Breastfeeding: A Cost Analysis

When families decide not to breastfeed, it costs them and the US healthcare system a bundle and many babies lose their lives unnecessarily.  These were the conclusions of an online article published recently in  the medical journal Pediatrics. 

 The last breastfeeding cost analysis was published by the USDA in 2001.  In that report, Jon Weimer estimated that in 2001 U.S. dollars, $3.6 billion would be saved if breastfeeding rates increased by just 9%.  At that time, 64% of women giving birth breastfed.  This USDA estimate included the cost savings from just three health problems: ear infections, vomiting or diarrhea, and necrotizing enterocolitis (NEC), an often-fatal bowel disorder that very preterm babies can develop. 

Now, almost 10 years later, about 74% of mothers giving birth breastfeed.  We also know much more about how a lack of breastfeeding affects health.  In 2007, Tufts Medical Center published a meta-analysis of the research on breastfeeding, which included 9,000 studies and calculated babies’ increased risks of many health problems if not breastfed.. 

Using Tufts’ findings, in their recent article Melissa Bartick and Arnold Reinhold updated the costs to the US healthcare system and estimated the number of lives lost as a result.  Like the 2001 article, this one included the costs of ear infections, vomiting or diarrhea, and NEC.  But thanks to the Tufts’ data, it added many more health problems non-breastfed babies are more susceptible to, including lower respiratory tract infections, SIDS, childhood asthma, leukemia, obesity, and Type 1 diabetes.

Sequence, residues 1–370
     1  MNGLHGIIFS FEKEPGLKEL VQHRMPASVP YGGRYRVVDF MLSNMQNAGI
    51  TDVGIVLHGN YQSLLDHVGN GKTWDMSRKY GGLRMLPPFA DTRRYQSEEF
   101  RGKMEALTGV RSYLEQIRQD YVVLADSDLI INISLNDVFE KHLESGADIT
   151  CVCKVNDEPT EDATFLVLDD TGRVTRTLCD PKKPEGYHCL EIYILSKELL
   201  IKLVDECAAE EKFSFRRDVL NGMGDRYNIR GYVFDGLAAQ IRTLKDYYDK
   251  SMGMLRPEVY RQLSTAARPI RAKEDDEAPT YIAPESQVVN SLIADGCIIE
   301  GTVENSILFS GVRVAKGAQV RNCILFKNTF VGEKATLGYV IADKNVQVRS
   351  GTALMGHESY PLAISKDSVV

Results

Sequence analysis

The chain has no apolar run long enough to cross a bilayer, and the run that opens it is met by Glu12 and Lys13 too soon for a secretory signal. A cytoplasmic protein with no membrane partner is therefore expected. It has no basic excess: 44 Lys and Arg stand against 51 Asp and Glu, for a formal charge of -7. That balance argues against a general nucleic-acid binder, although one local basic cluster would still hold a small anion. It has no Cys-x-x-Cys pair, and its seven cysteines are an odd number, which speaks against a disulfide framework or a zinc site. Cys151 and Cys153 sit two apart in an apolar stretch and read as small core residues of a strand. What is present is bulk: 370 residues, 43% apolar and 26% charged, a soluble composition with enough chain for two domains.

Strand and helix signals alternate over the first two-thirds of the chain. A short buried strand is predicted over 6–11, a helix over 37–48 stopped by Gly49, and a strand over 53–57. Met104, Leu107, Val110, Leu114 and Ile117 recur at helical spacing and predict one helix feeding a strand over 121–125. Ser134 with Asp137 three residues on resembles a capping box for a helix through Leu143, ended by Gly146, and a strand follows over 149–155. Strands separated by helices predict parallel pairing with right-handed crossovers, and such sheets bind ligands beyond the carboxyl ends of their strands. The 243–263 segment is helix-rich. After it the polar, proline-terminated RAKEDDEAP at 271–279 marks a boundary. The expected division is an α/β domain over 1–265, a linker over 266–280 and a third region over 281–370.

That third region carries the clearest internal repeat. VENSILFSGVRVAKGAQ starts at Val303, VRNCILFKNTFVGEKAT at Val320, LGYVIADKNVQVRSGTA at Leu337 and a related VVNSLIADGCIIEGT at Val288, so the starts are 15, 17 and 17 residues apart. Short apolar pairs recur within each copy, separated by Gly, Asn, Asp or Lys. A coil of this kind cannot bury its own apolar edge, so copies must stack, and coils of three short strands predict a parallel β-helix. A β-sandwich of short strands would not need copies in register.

Based on the Tufts’ data, Bartick and Reinhold estimated that if 90% of US babies breastfed at all (for 5 diseases) or exclusively for 6 months (for 4 diseases), in 2007 dollars this would save $13 billion.  These authors also estimated that at this level of breastfeeding, 911 lives could be saved each year.

They concluded that due to the considerable costs of not breastfeeding, money spent by the US government on breastfeeding promotion would be cost effective.



Bartick, M. and Reinhold, A. The burden of suboptimal breastfeeding in the United States: A pediatric cost analysis. Pediatrics 2009: DOI: 10.1542/peds.2009-1616.

Ip, S., Chung, M., Raman, G., Chew, P., Magula, N., DeVine, D., et al. 2007. Breastfeeding and maternal and infant health outcomes in developed countries. Evidence Report - Technology Assessment (Full Report)(153), 1-186.

Weimer, J.  2001; The Economic Benefits of Breastfeeding: A Review and Analysis. Food and Rural Economics Division, Economic Research Service, U.S. Department of Agriculture. Food Assistance and Nutrition Research. Report No. 13.